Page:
Re: starting single-sex classroom

Linda Purrington (
Mon, 23 Feb 1998 23:07:51 -0800

Yes, in the absence of a specific tradition of segregation, Canada must
have a slightly different situation. And it is clear from research (the
Wellesley Center for Research, for one) that single-sex classrooms
benefit girls. And do not benefit boys; they seem to benefit from
having the girls present.
It's a quandary for many of us--individually, I was sent to a private
girls' school when I was 12, and gained immeasurably from it; in 8th
grade public school I was already deliberately faking wrong answers in
order to have a social future; in prep school I could be a brain (now a
geek?) And when I was in the civil rights movement of the 1960s, I
strongly supported the rights of black students to meet together, to
find their common footing and develop a political voice free of the
louder vooices of their oppressors. But what is the right of the less
advantaged group, to get together without being subordinated--and often
harassed--is not a good public policy to have imposed on the
disadvantaged group--it too inexorably leads to impoverished classrooms
and even to killing ability with misguided kindness, not challenging it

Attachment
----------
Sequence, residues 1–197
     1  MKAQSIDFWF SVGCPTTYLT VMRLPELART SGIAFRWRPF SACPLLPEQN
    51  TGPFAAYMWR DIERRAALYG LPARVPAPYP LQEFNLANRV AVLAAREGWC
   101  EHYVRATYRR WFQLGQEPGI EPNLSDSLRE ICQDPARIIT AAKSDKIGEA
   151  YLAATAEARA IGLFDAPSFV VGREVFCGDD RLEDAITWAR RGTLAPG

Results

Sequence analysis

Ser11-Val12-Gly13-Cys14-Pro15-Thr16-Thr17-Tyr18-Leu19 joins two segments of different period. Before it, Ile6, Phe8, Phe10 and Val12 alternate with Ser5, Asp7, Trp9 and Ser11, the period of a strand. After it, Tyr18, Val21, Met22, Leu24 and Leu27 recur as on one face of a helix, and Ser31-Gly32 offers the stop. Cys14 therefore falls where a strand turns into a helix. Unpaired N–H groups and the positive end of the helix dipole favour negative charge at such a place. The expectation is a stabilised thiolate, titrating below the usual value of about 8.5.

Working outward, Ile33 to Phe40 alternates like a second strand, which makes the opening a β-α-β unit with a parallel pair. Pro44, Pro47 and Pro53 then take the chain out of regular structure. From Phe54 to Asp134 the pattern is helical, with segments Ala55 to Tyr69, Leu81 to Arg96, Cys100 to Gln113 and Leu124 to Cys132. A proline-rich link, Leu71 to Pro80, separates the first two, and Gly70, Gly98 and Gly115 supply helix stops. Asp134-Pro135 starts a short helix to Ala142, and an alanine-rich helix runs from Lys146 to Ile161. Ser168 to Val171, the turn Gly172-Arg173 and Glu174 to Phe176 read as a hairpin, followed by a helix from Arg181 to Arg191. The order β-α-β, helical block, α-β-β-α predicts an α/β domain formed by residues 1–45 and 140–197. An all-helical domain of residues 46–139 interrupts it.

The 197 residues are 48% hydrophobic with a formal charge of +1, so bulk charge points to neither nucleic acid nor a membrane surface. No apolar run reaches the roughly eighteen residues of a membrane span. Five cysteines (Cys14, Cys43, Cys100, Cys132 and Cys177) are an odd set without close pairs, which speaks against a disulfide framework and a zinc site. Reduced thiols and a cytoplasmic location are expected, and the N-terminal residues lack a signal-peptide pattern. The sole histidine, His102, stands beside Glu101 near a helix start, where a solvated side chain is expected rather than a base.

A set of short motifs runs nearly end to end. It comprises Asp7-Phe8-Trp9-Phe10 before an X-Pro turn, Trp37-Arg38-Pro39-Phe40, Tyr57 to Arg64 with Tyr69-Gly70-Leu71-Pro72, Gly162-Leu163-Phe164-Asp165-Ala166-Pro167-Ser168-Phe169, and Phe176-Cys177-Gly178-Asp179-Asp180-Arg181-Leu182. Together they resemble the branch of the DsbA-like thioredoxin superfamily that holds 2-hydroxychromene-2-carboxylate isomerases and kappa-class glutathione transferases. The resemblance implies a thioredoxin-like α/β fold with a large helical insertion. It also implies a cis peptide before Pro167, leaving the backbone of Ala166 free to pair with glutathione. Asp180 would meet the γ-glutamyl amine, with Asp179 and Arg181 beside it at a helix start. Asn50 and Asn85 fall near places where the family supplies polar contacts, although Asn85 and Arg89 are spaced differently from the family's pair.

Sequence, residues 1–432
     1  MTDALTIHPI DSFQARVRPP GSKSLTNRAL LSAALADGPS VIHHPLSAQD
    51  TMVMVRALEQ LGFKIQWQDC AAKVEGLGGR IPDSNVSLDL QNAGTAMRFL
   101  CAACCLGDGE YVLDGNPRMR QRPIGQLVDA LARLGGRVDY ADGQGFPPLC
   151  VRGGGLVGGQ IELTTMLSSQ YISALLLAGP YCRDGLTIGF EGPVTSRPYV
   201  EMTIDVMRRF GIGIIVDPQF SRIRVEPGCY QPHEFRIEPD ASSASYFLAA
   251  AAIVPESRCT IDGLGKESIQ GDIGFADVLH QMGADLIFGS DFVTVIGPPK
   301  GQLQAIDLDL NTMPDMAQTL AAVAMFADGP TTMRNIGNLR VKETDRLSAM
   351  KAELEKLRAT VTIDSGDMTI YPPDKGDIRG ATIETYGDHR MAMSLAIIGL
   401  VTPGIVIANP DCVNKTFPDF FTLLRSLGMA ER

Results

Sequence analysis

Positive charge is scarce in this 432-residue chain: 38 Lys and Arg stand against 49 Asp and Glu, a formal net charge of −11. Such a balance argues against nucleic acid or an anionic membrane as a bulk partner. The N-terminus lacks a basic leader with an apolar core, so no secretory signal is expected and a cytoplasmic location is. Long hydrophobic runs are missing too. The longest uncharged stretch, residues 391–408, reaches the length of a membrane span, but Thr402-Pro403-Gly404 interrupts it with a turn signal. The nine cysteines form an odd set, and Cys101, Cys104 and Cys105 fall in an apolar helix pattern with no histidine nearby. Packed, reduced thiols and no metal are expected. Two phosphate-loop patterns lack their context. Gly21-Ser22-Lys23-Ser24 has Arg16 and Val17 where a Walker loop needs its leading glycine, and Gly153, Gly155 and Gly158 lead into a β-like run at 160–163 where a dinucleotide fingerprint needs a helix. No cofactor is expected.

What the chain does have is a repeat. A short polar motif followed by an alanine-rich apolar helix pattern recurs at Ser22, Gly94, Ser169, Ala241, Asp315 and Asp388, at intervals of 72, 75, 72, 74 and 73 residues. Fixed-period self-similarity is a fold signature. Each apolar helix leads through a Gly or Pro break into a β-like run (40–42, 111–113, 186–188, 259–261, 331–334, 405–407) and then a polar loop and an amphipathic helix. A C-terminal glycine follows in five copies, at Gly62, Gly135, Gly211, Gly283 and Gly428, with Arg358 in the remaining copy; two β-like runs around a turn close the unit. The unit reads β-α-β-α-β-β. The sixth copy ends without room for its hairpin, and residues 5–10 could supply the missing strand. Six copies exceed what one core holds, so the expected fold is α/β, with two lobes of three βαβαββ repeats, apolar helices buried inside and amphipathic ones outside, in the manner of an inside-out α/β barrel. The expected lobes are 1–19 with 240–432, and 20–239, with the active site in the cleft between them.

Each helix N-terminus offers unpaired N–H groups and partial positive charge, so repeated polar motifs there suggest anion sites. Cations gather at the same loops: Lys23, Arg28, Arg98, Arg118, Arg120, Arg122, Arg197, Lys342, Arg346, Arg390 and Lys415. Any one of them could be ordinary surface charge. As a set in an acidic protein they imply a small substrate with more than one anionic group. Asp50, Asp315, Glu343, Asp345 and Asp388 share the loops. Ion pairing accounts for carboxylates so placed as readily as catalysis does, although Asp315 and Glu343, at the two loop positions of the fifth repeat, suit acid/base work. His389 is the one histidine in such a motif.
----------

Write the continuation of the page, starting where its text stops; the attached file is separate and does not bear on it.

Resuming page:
so that it cannot compete outside the classroom. What say you?

Linda Purrington <>


Janice Wallace wrote:
> Regina Mundi was once a private men's college which is now a
> co-educational publicly funded Catholic secondary school in Ontario. In
> Canada, our educational governance is under provincial jurisdiction. At
> our provincial government is dominated by a majority neo-conservative party
> which has introduced some (arguably) draconian legislation which has
> resulted in board amalgamations and an increasing centralization of power
> over almost everything including finance, standardized testing, and
> curriculum. One of its first pieces of legislation was to revoke equity
> employment legislation, including any references to it in our Education
> Act and Regulations. However, gender equity initiatives in classroom
> practice have been left more or less alone in both policy and practice.
> We have no legislation forbidding single-sex schools/classes and there
> are some quite exemplary ones in place. They're rare but there. I guess
> the approach that has been taken could be characterized as more both/and
> than either/or in terms of approaches to delivering equitable educational
> opportunities. How long we will enjoy this freedom is anybody's guess.
> Characteristically, though, Canadians are more comfortable with
> collective identity with less emphasis on individual freedoms. As a
> result, acknowledging systemic discrimination is somewhat less
> problematic than may be typical in the U.S., but it's still an uphill
> climb.
> Janice Wallace <>
> On Thu, 19 Feb 1998, Linda Purrington wrote:
> >
> > Is this a single-sex female classroom? Is Regina Mundi a Catholic
> > private school, or a public school? Does Canada have anything resembling
> > Title IX and laws against gender apartheid in public schools?
> > Linda Purrington, Title IX Advocates <>
> >
> > Janice Wallace wrote:
> > >
> > > Just an addition to marcia's note, the school she refers to is called
> > > Regina Mundi right here in London, Ontario and its phone number is
> > > 1-519-685-2133.
> > >
> >

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